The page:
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Article
May 29, 1926

THE FEMALE SEX HORMONE: IV. ITS OCCURRENCE IN THE CIRCULATING AND MENSTRUAL BLOOD OF THE HUMAN FEMALE: PRELIMINARY REPORT

JAMA. 1926;86(22):1686-1687. doi:10.1001/jama.1926.02670480016007
Abstract

Independently, and almost simultaneously, Loewe1 and one of us, together with collaborators2 demonstrated the presence of the female sex hormone in the circulating blood. This observation is the first demonstration by means of a specific and direct test of the presence of a true hormone in the circulation.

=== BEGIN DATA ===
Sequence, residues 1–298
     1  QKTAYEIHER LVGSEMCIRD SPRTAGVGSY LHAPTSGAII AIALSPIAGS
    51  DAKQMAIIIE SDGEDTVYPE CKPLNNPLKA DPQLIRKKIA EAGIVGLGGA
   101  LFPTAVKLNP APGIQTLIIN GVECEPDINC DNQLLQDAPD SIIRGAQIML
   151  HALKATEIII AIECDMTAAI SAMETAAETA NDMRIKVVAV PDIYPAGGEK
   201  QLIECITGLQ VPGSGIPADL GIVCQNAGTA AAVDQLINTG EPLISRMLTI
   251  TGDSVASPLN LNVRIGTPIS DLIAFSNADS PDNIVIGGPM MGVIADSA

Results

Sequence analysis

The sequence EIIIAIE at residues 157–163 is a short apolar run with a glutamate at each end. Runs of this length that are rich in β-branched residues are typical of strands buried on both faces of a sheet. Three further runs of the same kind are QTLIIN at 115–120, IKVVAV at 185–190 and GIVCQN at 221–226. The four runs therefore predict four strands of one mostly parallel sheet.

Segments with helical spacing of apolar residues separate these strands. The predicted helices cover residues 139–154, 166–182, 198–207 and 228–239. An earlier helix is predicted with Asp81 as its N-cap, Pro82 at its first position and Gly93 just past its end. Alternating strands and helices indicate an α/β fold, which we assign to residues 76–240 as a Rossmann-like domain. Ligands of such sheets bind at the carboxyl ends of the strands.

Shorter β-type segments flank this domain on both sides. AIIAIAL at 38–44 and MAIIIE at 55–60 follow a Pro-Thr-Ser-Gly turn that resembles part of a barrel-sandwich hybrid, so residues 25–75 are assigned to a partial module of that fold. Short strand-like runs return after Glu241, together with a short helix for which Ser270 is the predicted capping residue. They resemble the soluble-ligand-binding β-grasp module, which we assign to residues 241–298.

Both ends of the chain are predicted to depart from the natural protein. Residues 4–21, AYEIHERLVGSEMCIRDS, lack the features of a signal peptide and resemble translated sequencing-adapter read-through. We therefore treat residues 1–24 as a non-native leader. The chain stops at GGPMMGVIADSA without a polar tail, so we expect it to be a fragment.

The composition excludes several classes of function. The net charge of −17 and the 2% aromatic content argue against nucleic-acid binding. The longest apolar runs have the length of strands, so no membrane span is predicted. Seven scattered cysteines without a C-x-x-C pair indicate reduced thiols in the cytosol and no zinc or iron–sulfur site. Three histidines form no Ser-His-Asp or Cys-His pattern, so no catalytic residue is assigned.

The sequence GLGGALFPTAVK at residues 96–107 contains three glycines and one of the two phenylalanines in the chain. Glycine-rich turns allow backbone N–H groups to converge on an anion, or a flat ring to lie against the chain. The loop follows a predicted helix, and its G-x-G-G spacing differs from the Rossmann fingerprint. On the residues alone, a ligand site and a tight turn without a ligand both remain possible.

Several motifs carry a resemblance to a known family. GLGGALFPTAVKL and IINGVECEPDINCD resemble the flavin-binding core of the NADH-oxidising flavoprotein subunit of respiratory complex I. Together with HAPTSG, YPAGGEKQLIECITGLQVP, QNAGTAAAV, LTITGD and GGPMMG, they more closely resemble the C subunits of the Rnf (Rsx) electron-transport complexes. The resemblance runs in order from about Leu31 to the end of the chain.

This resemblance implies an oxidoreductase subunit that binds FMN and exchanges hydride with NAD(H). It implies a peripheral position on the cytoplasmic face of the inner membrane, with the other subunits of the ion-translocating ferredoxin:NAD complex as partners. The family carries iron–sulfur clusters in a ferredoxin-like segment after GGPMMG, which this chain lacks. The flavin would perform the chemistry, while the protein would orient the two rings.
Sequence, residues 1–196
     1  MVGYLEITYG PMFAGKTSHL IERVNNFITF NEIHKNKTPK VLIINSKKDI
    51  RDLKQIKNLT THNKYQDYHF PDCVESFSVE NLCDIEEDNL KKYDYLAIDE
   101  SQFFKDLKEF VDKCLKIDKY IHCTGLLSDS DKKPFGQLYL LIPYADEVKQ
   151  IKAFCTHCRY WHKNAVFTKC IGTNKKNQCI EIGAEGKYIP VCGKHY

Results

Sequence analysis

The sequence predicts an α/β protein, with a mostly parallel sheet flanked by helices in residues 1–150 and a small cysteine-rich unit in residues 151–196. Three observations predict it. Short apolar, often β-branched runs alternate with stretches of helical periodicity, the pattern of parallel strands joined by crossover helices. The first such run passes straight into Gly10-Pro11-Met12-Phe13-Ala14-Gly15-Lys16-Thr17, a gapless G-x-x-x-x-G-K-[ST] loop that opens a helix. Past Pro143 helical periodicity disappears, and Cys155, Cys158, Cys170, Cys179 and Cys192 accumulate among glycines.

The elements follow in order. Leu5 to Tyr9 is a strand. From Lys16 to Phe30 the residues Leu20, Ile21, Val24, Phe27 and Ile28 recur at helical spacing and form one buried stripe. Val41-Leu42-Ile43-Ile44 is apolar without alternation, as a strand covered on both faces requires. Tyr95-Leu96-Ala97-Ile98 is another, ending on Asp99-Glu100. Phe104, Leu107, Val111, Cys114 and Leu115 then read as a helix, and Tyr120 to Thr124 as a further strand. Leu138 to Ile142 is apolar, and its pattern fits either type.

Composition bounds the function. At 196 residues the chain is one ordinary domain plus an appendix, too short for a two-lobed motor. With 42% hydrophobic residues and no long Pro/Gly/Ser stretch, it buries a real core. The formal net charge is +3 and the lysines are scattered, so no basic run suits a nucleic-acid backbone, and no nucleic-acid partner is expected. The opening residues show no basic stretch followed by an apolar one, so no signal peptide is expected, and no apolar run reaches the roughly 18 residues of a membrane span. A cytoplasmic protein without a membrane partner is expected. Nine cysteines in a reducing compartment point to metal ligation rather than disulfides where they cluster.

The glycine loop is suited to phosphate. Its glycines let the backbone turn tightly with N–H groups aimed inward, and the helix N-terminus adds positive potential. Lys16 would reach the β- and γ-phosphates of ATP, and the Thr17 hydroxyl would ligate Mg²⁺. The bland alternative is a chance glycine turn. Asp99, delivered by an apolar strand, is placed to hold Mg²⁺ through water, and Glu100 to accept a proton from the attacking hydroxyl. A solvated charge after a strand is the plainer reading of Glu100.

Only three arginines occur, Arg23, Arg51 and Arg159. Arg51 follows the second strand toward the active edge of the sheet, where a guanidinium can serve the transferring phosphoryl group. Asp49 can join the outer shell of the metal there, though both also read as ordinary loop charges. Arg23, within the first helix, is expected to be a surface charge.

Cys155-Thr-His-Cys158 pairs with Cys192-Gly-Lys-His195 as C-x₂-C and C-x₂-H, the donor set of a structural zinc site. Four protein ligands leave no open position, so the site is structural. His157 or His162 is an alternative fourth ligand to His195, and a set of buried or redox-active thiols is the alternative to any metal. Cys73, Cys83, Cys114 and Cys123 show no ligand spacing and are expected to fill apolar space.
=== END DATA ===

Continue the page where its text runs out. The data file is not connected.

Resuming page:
The test employed is the change from leukocytes to squamous epithelium noted in the vaginal smear of castrated rats and mice.3

In this short preliminary report, no retails as to method and technic will be given.

We have obtained the female sex hormone from the blood specimens by means of lipoid extraction performed under identical conditions by identical methods. The results are sufficiently concordant to be considered quantitative. Blood has been obtained from thirty-eight patients. In some instances, specimens have been taken at intervals of from five to seven days through two monthly cycles from the same patient.

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